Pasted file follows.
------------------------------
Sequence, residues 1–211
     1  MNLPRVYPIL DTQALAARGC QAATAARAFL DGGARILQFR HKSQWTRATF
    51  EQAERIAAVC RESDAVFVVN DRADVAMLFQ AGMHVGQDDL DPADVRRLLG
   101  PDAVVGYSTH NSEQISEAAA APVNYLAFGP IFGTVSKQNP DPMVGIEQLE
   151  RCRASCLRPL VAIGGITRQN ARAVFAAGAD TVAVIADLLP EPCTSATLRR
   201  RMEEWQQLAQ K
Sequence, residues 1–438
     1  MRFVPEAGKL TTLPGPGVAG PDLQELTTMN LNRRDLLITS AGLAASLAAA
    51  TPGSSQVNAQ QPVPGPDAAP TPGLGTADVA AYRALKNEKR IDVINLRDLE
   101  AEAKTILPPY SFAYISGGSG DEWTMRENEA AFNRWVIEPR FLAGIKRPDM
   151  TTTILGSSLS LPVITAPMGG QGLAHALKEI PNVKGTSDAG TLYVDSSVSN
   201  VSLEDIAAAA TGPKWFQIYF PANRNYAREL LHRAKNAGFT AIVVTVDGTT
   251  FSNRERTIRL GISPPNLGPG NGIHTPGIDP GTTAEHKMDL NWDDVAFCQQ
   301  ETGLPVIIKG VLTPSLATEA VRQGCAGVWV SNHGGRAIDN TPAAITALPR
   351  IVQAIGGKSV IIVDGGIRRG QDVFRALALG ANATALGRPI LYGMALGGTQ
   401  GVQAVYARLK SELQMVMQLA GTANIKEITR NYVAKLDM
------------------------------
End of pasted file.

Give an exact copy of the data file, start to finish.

Sequence, residues 1–211
     1  MNLPRVYPIL DTQALAARGC QAATAARAFL DGGARILQFR HKSQWTRATF
    51  EQAERIAAVC RESDAVFVVN DRADVAMLFQ AGMHVGQDDL DPADVRRLLG
   101  PDAVVGYSTH NSEQISEAAA APVNYLAFGP IFGTVSKQNP DPMVGIEQLE
   151  RCRASCLRPL VAIGGITRQN ARAVFAAGAD TVAVIADLLP EPCTSATLRR
   201  RMEEWQQLAQ K
Sequence, residues 1–438
     1  MRFVPEAGKL TTLPGPGVAG PDLQELTTMN LNRRDLLITS AGLAASLAAA
    51  TPGSSQVNAQ QPVPGPDAAP TPGLGTADVA AYRALKNEKR IDVINLRDLE
   101  AEAKTILPPY SFAYISGGSG DEWTMRENEA AFNRWVIEPR FLAGIKRPDM
   151  TTTILGSSLS LPVITAPMGG QGLAHALKEI PNVKGTSDAG TLYVDSSVSN
   201  VSLEDIAAAA TGPKWFQIYF PANRNYAREL LHRAKNAGFT AIVVTVDGTT
   251  FSNRERTIRL GISPPNLGPG NGIHTPGIDP GTTAEHKMDL NWDDVAFCQQ
   301  ETGLPVIIKG VLTPSLATEA VRQGCAGVWV SNHGGRAIDN TPAAITALPR
   351  IVQAIGGKSV IIVDGGIRRG QDVFRALALG ANATALGRPI LYGMALGGTQ
   401  GVQAVYARLK SELQMVMQLA GTANIKEITR NYVAKLDM